critters not fritters

i needed a catchy title... :)
it makes a lot of difference when the live trap is actually working correctly. and having the bait that the critters can't resist.
the past few days we've relocated three groundhogs and two raccoons. it's been raining this morning so we've not reset the trap from the earlier transport run.
the live trap was previously not working because the spring that pushes the door closed had slipped downwards and i'd not noticed it. once i snugged it back up where it was supposed to be the door started properly latching again.
we've found out that both raccoons and groundhogs are perfectly happy eating sunflower seeds. the raccoons will shred any bit of plastic left in the cage when they are captured while the groundhogs are very polite about it and will just flip them around. on a hot day i was surprised that the groundhog would lick the peanut butter off of celery but would not eat the celery itself (does that say anything important about celery? :) i like celery myself so it's funny to me that it would not at least chew on the celery for a bit of moisture). since then we've switched to all sunflower seeds and the trap has been being sprung once or twice a day. all cases it has now been catching something, before they could push the door back up and get out.
the other critters we've been trapping has greatly slowed down this week (no chipmunks or mice for the past few days). our tally on those has been over 32 chipmunks and more than 18 mice. the bucket method has been much more effective and selective than compared to the rat traps i was using before. with the rat traps there was always chances of getting a snake, bird, toad, frog, etc. this time we've only gotten one bird and one toad by accident (the toad could swim and so was released back into the garden). and one groundhog (which was a lucky catch, but the live trap has been much faster and less trouble in that we can release them instead of me having to bury the poor guys.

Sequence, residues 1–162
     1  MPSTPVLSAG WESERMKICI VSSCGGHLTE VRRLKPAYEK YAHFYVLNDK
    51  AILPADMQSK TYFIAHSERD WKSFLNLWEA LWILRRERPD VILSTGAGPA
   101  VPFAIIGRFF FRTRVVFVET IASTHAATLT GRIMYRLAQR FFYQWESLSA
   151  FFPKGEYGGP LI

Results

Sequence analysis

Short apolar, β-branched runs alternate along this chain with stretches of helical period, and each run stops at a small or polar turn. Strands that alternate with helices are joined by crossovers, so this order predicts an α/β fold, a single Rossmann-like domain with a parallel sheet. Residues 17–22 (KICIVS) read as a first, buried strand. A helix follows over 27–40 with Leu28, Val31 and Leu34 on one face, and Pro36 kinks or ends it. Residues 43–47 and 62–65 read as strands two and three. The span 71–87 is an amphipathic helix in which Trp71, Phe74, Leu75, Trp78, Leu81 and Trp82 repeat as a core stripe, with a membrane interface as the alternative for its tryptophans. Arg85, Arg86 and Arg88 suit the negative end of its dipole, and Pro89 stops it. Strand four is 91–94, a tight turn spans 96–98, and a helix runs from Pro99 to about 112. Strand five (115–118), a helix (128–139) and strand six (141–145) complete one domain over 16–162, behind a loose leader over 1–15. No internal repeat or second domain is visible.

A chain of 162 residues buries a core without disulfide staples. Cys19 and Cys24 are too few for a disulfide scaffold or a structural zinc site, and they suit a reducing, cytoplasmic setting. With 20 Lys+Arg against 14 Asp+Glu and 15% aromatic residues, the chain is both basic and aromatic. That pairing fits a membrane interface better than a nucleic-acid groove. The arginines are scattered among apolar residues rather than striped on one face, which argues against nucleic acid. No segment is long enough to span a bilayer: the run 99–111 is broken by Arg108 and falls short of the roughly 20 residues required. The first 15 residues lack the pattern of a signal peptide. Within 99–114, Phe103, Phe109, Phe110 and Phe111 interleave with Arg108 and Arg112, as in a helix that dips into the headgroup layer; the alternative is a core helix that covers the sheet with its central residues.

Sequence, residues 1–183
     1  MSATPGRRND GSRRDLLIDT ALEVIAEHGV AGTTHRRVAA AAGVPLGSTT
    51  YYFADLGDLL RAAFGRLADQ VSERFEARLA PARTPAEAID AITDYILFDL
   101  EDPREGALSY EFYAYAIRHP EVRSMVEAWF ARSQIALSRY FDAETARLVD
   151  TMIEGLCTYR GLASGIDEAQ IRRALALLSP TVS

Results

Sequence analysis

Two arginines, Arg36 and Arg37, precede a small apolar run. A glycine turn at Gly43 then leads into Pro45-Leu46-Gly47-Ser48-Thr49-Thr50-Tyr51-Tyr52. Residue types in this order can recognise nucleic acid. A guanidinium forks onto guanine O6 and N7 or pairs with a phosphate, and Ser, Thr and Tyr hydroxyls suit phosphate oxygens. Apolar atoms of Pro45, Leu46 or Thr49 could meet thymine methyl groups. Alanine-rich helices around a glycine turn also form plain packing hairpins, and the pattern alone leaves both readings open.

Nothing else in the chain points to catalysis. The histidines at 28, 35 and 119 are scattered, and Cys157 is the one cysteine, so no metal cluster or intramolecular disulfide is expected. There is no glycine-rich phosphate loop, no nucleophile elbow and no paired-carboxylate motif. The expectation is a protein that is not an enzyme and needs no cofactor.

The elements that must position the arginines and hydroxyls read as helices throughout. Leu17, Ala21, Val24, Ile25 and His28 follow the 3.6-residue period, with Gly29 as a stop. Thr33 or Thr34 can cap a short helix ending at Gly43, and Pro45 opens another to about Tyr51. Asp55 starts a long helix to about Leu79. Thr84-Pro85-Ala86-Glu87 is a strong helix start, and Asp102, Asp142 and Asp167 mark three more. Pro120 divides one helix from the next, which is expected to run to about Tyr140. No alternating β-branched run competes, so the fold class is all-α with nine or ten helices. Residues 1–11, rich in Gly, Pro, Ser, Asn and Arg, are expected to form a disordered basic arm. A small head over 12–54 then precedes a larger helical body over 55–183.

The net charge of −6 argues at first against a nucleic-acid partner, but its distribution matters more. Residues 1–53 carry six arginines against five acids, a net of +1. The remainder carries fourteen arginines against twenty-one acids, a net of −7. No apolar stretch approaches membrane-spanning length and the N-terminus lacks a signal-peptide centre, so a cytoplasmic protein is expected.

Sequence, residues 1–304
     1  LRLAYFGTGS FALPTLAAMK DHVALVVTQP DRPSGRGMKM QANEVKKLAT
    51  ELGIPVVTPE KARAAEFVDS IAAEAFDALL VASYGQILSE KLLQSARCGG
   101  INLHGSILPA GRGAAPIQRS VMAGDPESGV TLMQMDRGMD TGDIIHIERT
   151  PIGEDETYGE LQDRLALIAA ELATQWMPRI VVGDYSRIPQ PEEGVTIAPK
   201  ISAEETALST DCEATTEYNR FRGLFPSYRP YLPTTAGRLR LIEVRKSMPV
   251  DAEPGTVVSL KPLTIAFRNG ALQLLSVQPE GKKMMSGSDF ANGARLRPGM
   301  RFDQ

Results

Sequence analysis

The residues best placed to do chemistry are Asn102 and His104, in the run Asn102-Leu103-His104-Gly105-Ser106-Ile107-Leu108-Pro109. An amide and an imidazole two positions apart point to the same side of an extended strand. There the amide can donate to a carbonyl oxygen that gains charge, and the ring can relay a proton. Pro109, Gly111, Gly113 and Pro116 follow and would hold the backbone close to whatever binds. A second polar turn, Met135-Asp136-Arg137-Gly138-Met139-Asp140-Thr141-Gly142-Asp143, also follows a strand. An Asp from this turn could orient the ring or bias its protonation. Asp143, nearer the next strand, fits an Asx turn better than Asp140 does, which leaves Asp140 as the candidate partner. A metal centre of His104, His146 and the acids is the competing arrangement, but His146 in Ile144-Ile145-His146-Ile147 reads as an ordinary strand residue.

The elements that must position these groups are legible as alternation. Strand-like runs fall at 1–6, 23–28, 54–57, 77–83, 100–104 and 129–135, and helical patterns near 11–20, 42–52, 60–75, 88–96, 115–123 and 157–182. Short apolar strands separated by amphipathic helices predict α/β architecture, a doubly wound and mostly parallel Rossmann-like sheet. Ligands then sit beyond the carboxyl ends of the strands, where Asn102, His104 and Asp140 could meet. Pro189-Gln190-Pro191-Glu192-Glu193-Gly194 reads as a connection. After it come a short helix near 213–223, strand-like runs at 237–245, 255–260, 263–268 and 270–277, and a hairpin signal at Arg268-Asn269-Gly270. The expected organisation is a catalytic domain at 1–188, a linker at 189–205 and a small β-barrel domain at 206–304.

i'm hoping we're down to just a few remaining groundhogs to trap as i think we have either one or two left. so far none have done much chewing on the gardens (being content to get the sunflower seeds instead i suppose). it has also helped that i make regular rounds at the times when they are usually active so i've been able to chase them away from the gardens. i almost busted a gut laughing one time when the groundhog was trying to squeeze through the fence after i'd found it inside. luckily it had not yet figured out that there were tender bean sprouts just a few feet away. this is much different than last year where by this time most of the beans had been trimmed back once or more times.
in other garden news the back green manure patch is ready to be cut back again (regular rains have been nice) which will really perk up the worms again. all the rest of the gardens have been weeded fairly often enough that there are only a few trouble spots left to get after. this week will likely be a perfect time to do that.
a few strawberries still to be found, but not enough to collect and make shortcakes. a nice snack for when i'm out and around. the far back strawberry patch will need to be redone this year as it has been overgrown by aggressive grass and plenty of other weeds too. all of that will make good organic material for the same area once i get a good root barrier in place to keep the grass and horsetail from migrating into the area. another aggressive weed we've been taking out as we've redone other gardens and it's been taking over that back strawberry patch too. the bees do love it and i hate to get rid of all of it, but there's plenty else here for the bees.
oh, speaking of bees, the field next to us now has six beehives. with all the birdsfoot trefoil, poppies, lavender and other flowers blooming there are tons of honey bees all over the place.
pretty much everything else is doing ok, the garlic is getting closer to being ready to harvest. the onions i put in from seed look pretty good. the larger onion sets i planted are already starting to bulb out (last year they didn't start doing that until much later). the red peppers are going great. the green peppers planted right next to them are not doing as well, but they are still green and growing so i've not given up on them. the tomatoes are starting to bloom (the cherry tomatoes already have small fruits). all the beans are up and growing. only a few spots to replant when i get back outside tomorrow to take stock.
so as they say, can't complain about this year so far, it's coming along pretty well... :)

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